Can A Portable Generator Power Your Central Air Conditioner?

Each year there are times of hot weather and storms that can bring about black-outs. Summertime is usually a peak season for tropical storms that will knock out your power and leave you sweltering in unimaginable heat.

With the power out and your air conditioner not working, you can only look forward to when the power eventually comes back on and you can feel cool again.

Rather than standing in a cold shower to cool off when this happens, why not use a portable generator to get your central air conditioning back up and running?

Can you even power your central air conditioning with a portable generator? Of course, you can, but you have to get one that can do so, taking into account the wattage requirements of your air conditioning system. 

Portable generators provide the ability to keep your appliances powered in your time of need. 

Can A Portable Generator Power Your Central Air Conditioner

How many watts does central AC need? 

When looking at the wattage of your central AC unit you need to consider both starting watts and running watts. Simply put, starting watts is how much power it takes to start up the generator. Whereas running watts is the amount it requires to keep the appliance running. 

When you are powering an appliance through a portable generator, you want to ensure that you avoid electrical harm or malfunctions. You can avoid this by ensuring that your generator's power is higher than that required by the appliance.

For example, if you were to power something that requires 2400 Watts then a generator that outputs 3000 Watts is best, or if your appliance required 9000 Watts, a 7000 Watt generator would not cut it but a 10,000 Watt generator would.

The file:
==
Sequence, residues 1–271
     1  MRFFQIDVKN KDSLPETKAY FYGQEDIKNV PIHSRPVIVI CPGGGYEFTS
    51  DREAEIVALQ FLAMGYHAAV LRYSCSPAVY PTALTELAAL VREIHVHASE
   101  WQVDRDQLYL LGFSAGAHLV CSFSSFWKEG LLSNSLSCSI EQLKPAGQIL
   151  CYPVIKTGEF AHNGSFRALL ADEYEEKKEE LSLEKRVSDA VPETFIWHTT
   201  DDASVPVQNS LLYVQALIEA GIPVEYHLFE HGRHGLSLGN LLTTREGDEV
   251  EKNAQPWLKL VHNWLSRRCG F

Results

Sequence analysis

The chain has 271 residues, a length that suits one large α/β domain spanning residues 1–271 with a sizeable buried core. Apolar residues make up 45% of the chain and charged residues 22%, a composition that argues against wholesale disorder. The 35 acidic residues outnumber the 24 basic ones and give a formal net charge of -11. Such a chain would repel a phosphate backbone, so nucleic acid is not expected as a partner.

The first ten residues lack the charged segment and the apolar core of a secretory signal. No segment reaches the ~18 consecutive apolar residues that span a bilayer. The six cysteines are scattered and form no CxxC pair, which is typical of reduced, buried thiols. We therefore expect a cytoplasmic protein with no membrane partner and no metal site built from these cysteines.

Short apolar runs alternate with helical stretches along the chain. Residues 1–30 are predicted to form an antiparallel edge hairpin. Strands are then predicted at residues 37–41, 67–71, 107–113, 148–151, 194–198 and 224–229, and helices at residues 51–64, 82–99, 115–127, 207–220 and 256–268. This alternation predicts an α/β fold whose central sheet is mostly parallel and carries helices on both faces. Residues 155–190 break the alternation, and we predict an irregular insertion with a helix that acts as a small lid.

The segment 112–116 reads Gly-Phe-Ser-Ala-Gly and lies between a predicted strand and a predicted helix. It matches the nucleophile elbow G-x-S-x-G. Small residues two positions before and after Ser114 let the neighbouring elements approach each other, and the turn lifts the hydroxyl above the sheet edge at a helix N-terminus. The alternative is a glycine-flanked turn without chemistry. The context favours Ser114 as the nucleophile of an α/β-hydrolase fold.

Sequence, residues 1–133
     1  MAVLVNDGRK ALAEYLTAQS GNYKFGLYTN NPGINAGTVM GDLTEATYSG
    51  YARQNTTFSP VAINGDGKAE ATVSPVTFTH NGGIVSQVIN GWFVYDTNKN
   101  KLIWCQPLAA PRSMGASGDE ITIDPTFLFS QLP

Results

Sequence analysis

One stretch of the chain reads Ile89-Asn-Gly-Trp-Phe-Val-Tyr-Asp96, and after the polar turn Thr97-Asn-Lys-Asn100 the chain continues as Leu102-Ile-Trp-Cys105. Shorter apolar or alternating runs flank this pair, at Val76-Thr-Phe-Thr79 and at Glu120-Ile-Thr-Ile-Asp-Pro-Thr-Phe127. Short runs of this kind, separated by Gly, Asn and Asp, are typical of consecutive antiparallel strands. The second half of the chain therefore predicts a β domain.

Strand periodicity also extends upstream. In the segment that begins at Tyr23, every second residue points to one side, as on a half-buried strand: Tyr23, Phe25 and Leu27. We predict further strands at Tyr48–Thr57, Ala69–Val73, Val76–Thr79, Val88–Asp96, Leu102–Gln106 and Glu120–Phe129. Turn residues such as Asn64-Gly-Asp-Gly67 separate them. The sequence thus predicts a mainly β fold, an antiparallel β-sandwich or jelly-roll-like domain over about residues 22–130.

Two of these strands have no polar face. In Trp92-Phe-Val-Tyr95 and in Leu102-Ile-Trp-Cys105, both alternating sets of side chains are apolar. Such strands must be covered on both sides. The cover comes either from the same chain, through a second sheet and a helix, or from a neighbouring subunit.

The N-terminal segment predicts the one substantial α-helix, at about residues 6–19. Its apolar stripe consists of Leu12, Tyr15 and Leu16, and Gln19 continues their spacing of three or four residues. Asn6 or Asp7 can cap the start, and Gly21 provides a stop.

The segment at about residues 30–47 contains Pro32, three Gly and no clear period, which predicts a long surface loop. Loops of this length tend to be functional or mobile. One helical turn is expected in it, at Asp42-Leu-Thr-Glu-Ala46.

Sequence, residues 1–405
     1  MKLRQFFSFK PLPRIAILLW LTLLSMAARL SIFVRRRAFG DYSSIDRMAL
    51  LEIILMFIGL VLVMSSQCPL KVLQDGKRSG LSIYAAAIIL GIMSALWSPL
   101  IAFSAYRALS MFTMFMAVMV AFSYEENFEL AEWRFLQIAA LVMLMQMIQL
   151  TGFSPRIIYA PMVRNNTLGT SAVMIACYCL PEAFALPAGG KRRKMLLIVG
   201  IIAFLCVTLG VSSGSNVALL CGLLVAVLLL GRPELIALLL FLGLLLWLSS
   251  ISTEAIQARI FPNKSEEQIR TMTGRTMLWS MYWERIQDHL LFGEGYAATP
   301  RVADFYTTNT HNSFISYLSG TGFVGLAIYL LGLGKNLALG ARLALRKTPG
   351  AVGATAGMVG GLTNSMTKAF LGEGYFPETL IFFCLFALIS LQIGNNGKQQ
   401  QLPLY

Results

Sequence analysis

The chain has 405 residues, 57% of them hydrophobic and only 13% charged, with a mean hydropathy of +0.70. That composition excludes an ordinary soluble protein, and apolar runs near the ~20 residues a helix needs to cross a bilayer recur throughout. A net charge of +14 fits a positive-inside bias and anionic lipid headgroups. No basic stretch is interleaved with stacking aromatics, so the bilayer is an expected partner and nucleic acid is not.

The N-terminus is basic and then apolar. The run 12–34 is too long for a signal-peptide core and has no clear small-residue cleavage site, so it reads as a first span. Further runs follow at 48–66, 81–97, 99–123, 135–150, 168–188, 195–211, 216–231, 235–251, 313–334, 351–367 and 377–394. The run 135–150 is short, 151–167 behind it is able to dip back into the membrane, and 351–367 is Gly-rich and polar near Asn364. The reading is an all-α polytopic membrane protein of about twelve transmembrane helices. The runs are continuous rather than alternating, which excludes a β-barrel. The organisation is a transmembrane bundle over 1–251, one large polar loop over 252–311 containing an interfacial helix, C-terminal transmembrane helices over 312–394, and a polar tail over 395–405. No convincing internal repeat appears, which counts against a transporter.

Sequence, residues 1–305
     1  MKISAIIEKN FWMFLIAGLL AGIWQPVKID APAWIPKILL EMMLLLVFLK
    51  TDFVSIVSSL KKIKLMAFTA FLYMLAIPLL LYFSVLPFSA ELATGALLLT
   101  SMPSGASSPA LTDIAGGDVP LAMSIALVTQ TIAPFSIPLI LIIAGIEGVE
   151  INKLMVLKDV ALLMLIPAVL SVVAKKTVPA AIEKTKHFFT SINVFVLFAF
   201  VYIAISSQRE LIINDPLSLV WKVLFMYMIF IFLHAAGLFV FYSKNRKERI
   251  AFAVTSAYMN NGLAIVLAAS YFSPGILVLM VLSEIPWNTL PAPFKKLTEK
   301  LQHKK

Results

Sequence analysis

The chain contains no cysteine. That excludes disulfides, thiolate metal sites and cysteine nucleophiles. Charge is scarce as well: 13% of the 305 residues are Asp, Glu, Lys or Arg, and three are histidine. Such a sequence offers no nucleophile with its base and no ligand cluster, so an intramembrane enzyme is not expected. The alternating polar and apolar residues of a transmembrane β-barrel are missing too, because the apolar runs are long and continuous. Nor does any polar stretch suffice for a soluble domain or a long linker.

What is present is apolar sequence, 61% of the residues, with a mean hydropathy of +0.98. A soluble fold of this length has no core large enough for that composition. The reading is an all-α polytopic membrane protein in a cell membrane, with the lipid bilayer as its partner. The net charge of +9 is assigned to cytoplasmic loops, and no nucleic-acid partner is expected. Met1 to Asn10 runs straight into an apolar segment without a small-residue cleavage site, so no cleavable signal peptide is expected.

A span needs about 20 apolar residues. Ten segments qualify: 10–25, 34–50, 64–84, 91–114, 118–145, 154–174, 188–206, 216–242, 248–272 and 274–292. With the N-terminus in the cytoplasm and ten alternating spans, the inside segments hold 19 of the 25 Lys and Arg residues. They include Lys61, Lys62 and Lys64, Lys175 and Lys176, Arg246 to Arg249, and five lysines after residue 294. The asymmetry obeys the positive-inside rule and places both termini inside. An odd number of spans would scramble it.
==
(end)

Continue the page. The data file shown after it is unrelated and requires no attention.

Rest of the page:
If you used a generator that did not have a power higher than the appliance then you would see that either your system would not work, or you may damage your home's electrical system. 

Many of the largest portable generators available today have the capacity needed to start and run an average central AC system.

However, even if you think your generator is capable, you should always do the math just to ensure that it is safe and powerful enough to avoid those power problems or electrical faults. 

Not only do you want something powerful enough to keep your AC running, but there is no harm in going a little higher.

If you buy a generator that works at 10,000 Watts, and your AC requires 6,000 starting watts and 5,500 running watts, then you have enough power left over to power up your refrigerator, your tv, and some other appliances as well. 

So this is a very beneficial move to make if you are looking for a generator that will be a worthy assistant in times of power outage. 

How many watts should your generator be?

Your generator should have enough power to keep your AC running for as long as you need it to. The average central air conditioning unit will require 3000-5000 Watts to provide a cool air supply to your home for up to 9 hours.

Therefore, your generator should ideally be around the 5,500 to 6000 Watt range. But, if you want to be able to power up your other appliances then we would recommend getting something a bit higher. 

OUR TOP PICK

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If you are looking for something that will be able to power up your whole house in the event of a power outage then this generator is a good shout. It provides 15000 Watts, meaning it can easily power your AC, refrigerator, freezer, TV and more with ease.

15000 Watts of power means that you do not need to choose what to power up when a blackout occurs, you can keep most of your appliances up and running without any worry. 

It provides 15000 peak Watts and 12000 running watts. This generator is also approved for use in all 50 states, so there is no cause for concern at all. DuroMax makes fantastic generators and this has to be one of their best, providing exactly what you need when you need it most. 

If 15000 Watts is a bit on the heavy side for you then there is always their 10000 Watt model, which will still power up your central air conditioning and a few other items as well, just perhaps not as much as the 15000 would be able to. 

It is also fitted with a Low-oil shut-off to protect your generator but automatically shutting off when it senses oil is low. It also offers idle-control, which means that it lowers its RPM when not in use, which saves fuel and reduces any noise. 

If you aren’t sure what generator to get for your home central air conditioning, we recommend this one.